The Asian Productivity Organisation (APO) is an intergovernmental organisation whose aim is to increase productivity in the Asia-Pacific region. Upon receiving a request seeking an expert in the processing of poultry waste into fertiliser to assist a Fijian poultry farm, the APO contacted the South Australian Research and Development Institute (SARDI), who recommended Neutrog’s Managing Director, Angus Irwin. Angus was a strong contender with his 32+ years of experience in poultry waste management, and was pleased and honoured to accept.
The main objective of the project was to assist Fijian-based ‘Future Farms’, so that it could enhance its capacity and manage chicken litter by transforming it into a value-added commercial product. Future Farms holds about 30% of the poultry production market in Fiji, and generates 150 tons of chicken litter per week.
Another objective was to build the Future Farms brand by showing that it can create tangible positive changes by improving animal welfare and environmental management, reducing greenhouse gas emissions as well as water and soil contamination, recycling nutrients, and developing updated policies and ultimately strategic directions.
Angus made his first trip to Fiji in 2019. His mandate was to review the current process for managing manure, to identify and suggest appropriate technology, processes and solutions for producing composted manure. He was also asked to identify opportunities and strategies to develop a market for the product, and to suggest appropriate management strategies to implement both production and marketing of the composted product.
“I spent a lot of time with the team from Future Farms, as I needed to understand their current processes and raw material” said Angus. “I also spent a fair bit of time understanding how the various farmers and growers were currently using the existing raw material. I had a terrific few days and the hosts were very generous with their time, enthusiasm for the project and hospitality—all of which made it very easy and enjoyable for me, and was much appreciated.”
A follow up visit was made by Angus the following year, and Neutrog’s Procurement Manager, David Ellis travelled to Fiji twice more, visiting farmers and Future Farms hatcheries.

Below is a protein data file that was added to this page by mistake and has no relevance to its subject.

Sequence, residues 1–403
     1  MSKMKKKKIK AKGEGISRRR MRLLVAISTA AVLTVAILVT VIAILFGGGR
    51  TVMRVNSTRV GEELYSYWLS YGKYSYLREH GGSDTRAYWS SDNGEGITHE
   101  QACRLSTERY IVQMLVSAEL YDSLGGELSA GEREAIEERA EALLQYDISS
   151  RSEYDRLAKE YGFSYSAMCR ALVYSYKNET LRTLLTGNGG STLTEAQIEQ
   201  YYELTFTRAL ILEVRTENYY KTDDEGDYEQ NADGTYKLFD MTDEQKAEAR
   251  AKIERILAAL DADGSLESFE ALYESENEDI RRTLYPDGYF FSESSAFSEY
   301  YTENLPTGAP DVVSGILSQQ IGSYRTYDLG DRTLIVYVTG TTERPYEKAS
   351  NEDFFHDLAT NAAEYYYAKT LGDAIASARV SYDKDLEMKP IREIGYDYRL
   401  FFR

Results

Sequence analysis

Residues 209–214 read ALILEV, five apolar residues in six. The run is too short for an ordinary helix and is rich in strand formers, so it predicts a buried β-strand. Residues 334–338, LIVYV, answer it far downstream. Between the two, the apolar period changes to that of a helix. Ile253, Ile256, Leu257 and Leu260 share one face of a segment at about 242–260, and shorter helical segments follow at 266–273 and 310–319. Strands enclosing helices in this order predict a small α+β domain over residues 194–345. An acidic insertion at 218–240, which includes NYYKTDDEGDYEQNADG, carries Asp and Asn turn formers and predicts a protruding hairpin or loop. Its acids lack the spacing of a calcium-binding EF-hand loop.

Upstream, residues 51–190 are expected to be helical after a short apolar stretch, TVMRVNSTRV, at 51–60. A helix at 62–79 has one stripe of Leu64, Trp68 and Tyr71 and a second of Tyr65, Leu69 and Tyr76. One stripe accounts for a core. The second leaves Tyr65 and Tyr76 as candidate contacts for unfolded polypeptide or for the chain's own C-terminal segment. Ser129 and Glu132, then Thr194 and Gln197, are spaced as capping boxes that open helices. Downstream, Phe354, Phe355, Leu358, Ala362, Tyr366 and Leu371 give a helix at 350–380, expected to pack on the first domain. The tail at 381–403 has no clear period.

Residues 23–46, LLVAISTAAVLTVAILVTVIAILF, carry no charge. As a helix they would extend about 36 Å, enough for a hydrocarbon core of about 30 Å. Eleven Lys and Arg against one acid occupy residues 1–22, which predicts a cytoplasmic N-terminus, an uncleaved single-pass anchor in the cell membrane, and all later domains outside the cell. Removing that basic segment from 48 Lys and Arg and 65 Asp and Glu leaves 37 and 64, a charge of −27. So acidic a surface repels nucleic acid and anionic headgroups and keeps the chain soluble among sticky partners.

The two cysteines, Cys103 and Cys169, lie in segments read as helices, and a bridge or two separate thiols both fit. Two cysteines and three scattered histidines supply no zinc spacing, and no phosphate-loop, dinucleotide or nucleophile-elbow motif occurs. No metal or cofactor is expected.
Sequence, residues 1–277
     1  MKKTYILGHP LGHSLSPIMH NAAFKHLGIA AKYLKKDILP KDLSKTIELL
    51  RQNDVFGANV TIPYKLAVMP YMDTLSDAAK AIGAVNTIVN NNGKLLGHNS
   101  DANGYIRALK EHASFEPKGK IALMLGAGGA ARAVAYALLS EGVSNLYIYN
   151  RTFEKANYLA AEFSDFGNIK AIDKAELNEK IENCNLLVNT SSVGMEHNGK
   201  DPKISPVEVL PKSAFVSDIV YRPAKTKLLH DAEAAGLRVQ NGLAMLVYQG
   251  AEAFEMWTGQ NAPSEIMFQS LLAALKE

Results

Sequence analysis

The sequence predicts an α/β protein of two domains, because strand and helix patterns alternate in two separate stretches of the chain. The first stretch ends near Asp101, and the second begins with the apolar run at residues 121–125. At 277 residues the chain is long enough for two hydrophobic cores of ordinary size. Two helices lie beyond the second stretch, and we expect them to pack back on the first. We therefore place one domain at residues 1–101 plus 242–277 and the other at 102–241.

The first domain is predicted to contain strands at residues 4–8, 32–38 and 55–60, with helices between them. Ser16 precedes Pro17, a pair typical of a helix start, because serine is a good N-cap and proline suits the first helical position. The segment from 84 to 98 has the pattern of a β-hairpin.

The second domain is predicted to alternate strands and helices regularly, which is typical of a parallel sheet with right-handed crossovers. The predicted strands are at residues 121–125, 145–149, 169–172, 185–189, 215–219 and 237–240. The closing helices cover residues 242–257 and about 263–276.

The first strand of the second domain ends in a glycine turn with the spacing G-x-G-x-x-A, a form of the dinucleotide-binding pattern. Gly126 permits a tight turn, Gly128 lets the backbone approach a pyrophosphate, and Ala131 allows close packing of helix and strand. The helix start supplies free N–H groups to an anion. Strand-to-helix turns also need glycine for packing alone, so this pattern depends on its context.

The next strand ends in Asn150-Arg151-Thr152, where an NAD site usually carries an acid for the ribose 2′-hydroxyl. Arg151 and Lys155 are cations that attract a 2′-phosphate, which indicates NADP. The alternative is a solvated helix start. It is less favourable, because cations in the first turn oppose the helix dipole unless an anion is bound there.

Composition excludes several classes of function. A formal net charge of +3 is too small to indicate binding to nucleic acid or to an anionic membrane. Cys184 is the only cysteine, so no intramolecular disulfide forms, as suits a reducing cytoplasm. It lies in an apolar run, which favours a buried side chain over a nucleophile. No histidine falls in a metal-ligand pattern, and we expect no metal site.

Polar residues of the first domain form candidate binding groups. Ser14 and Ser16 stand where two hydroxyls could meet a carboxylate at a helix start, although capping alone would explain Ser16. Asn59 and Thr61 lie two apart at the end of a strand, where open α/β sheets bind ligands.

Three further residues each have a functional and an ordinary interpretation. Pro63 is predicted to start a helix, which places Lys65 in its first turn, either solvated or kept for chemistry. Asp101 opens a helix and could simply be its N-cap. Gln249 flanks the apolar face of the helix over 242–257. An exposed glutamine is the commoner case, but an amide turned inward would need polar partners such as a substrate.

Torrential and long-lasting rains caused delays with the project, however eventually the first batch of composted manure was ready for trial. David needed to undertake further research to identify key crops and growers who were currently using raw litter, and who would be interested in trialling a composted version, along with documenting the current timeframe of such applications in respect of subsequent plantings.
Trial protocols had to be established of compost field trials on crops, comparing performance of compost against raw litter. Crops planned for trials included tomatoes, cucumber, several varieties of lettuce, capsicum and Chinese cabbage. During this time, Future Farms and Neutrog have been working closely with the Fiji Government body that oversees the composting and trial work.
The response from growers has been incredibly positive. One farmer in the Sigatoka Valley has divided a greenhouse shed in half and prepared the land before planting with one half mixed raw manure and the other half composted manure in order to plant cabbage seedlings. He has also prepared another 2 sheds, one for lettuce and one for cucumber. Both of these growing sheds will also be halved, allowing a comparison of the two types of manure. The same farmer also has a farm in Paipai Lautoka, which will also be used for the trial.
Another farmer in Maranitawa has also started trialling raw vs composted manure on a range of vegetables, and a farm in Teidamu is participating in the trial on citrus, sandalwood and sugar cane.
This is a diverse and interesting trial which is showing some very positive results, namely, the elimination of weed seeds in the composted manure, as well as the security of growing with a pathogen free and clean product. We’ll keep you posted on their progress.